Each attribute has a die code. A typical die code could be 3D, pronounced 3D. Great, I got that right. That means roll three six out of dice whenever the attribute is used. All right, so everything, I believe everything is D six, hence D six. Star wars. Let's read their example so we could kind of get a sense of how things working here. George is playing a kid who he names Sev Reese.

Sev has a mechanical of 3D when he jumps behind the controls of a land speeder and tries to drive it on a busy highway. The game master tells George to make a mechanical roll. George rolls three dice and gets a two, a three if and a five. Steve's mechanical total or sev, I suppose. Mechanical total is ten if there is a plus one or plus two after the D, add that number to your total. So we have a secondary example of SEV's. Dexterity is 3D plus two. When Sev throws a grenade, the game master tells George to make a Dexterity roll.

George rolls a three, four, and five for the 3D, but he also adds plus two to the total to get a total of 14. A diode of 2D is about average. A dicode of 4D is pretty good. Okay, and I'm guessing that means that 1D is awful, not very good. And if you're above 5D, you're pretty darn special. Skills are things your character learns and they can get better at over time. Skills include things like Blaster, Dodge, Starfighter, Piloting and brawling. A skill is listed under its attribute.

Each skill begins with the same dicode as its attribute. So here, let's just zip back to that sheet so we can see here that perception, I guess, for this character template, the Laconic Stout Rojo Barant, they have a perception of 2D. So that would mean that by default, bargain, con, high search and sneak would all have 2D. It looks like they have increased these skills specifically, so even though their perception is 2D, their search and sneak are better at 3D. We don't know what we're rolling against yet, but there we have it. I think we can kind of gloss over the skills. Right. Blasters, firing, blasters, brawling, brawling.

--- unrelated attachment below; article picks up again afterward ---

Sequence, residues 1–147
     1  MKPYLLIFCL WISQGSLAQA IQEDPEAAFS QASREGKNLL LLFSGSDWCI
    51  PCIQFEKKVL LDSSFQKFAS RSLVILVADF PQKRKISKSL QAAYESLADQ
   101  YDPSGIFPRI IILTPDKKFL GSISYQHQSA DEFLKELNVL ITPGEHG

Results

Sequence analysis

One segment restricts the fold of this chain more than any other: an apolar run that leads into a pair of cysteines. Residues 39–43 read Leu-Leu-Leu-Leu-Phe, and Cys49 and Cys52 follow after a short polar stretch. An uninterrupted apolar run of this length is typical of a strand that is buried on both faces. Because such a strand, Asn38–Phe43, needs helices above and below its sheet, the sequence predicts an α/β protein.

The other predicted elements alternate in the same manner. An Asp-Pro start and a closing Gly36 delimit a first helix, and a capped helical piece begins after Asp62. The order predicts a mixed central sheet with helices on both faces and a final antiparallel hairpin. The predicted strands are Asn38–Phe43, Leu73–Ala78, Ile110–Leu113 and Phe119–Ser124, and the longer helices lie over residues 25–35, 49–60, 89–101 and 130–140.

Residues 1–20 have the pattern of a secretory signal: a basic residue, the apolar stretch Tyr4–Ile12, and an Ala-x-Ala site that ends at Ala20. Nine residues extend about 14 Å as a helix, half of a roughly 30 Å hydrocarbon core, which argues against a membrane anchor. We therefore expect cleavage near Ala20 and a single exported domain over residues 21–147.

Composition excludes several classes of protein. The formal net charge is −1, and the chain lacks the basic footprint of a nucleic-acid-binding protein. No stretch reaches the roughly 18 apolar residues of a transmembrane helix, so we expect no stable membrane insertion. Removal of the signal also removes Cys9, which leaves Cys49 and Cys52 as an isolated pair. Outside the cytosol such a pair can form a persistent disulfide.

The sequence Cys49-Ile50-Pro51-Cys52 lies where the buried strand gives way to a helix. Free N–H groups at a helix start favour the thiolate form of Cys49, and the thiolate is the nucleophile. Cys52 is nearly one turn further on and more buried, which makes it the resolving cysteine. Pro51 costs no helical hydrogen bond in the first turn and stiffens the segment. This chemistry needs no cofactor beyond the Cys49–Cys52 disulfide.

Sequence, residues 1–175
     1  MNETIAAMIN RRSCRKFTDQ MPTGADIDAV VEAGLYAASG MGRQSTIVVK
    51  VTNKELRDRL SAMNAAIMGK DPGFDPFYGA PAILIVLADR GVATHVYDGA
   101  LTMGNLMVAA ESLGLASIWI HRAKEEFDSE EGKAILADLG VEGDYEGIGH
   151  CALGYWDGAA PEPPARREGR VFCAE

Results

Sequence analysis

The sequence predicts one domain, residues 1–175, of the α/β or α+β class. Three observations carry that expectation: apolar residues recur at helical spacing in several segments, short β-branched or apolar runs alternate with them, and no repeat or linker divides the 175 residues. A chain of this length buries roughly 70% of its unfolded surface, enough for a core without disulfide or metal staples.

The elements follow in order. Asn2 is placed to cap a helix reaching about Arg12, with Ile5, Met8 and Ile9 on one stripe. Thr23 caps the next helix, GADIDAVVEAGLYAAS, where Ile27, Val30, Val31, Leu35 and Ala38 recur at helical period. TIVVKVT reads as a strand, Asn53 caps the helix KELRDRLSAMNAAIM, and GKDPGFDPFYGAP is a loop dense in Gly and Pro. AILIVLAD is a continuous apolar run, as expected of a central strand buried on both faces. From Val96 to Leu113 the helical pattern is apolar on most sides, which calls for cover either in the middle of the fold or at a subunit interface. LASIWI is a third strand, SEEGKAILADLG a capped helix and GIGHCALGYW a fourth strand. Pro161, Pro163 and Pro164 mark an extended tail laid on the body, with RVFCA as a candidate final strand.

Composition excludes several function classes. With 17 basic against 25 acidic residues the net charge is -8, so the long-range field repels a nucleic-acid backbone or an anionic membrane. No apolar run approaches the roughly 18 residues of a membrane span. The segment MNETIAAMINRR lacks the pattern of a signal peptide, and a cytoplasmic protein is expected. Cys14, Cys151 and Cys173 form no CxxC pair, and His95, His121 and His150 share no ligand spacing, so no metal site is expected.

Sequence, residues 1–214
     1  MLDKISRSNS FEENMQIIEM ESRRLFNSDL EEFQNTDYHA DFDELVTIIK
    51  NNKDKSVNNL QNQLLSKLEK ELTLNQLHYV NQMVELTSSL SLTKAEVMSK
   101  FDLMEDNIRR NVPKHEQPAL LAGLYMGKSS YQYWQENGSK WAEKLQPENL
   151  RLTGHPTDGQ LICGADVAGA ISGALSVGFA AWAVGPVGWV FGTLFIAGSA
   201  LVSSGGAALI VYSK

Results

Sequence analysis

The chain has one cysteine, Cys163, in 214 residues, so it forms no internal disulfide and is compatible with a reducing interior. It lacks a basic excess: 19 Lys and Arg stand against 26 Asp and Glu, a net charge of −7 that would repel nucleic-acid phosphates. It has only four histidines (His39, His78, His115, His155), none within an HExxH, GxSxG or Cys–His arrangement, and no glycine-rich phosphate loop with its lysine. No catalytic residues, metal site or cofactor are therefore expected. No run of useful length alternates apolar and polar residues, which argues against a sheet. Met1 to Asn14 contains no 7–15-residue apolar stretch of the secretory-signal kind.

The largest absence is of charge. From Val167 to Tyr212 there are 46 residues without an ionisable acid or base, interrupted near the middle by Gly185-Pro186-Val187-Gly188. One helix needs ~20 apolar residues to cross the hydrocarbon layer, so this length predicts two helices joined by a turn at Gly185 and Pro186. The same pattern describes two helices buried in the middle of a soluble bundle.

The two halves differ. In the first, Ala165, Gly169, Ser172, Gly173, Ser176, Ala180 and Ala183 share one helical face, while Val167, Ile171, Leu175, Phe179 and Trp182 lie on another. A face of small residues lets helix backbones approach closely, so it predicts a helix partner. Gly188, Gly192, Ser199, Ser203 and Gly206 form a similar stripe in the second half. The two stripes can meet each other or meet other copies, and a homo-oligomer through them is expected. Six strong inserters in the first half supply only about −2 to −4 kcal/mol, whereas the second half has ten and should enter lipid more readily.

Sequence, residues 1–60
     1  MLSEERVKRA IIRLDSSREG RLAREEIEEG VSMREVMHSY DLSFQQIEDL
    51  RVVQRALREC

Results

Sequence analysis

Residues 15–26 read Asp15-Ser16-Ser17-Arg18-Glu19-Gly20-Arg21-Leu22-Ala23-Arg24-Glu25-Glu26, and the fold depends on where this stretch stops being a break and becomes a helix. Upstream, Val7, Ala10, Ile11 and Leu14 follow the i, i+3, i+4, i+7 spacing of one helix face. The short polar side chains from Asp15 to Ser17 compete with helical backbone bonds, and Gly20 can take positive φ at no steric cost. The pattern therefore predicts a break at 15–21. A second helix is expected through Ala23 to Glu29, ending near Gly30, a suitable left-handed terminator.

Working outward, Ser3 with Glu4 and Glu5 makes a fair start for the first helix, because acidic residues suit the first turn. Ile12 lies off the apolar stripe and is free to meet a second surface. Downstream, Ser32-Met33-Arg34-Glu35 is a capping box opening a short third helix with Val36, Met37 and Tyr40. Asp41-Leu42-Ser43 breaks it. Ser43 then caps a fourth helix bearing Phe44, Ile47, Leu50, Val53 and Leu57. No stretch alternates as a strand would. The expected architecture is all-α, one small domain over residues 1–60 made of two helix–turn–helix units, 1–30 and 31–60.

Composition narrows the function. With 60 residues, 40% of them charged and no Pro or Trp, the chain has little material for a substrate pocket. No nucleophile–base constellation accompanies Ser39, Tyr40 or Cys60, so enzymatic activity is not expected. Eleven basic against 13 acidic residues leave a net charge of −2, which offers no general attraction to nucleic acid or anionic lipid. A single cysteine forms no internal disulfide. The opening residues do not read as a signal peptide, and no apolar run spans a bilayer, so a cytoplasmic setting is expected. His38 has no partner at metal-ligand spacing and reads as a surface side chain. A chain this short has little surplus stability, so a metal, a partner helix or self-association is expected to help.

Dodging is dodging. Alien species. Knowledge is knowledge by alien species. Yada, yada, yada. Let's get into how the game works. So I'm going to just go right to the example. Sev is at the controls of an air speeder, kind of like the snow speeders in The Empire Strikes Back. Racing through a canyon up ahead, the canyon narrows into a tight passage.

SEV's repulsive lift operation skill is five D. The game master decides that the difficulty number is 18. George rolls a 22. Sev races through the opening without a scratch. If George had rolled a 17 or less, Sev would have failed. Maybe he would. Maybe he only would have scraped the rocks, rocking the speeder for a second or two. If the roll was bad enough, maybe Sev would have crashed his speeder.

All right, so the couple of things we're learning here is it's going to be rolling over a target number, so the GM is going to set the target number. We don't know how those are set yet. I don't know if 18 is great or not, but if 2D is about an average, then 18 is pretty darn difficult, I would think, since you can't even get there with an average skill. So 18 seems like it will be hard. I'm guessing there's going to be, I hope, some sort of table that will give us some ideas of what numbers equal what difficulties. I don't know if this is just up to GM Fiat or not, but it seems like there's at least a concept of near success. Success with a cost. So if George had rolled less than 18, it doesn't have to be failure.